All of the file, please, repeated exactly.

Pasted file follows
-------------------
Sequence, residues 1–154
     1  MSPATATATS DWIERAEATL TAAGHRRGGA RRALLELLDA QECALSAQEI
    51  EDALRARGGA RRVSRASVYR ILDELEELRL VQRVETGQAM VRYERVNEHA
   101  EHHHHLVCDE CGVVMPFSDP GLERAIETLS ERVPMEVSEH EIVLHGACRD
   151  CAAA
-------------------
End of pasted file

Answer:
Sequence, residues 1–154
     1  MSPATATATS DWIERAEATL TAAGHRRGGA RRALLELLDA QECALSAQEI
    51  EDALRARGGA RRVSRASVYR ILDELEELRL VQRVETGQAM VRYERVNEHA
   101  EHHHHLVCDE CGVVMPFSDP GLERAIETLS ERVPMEVSEH EIVLHGACRD
   151  CAAA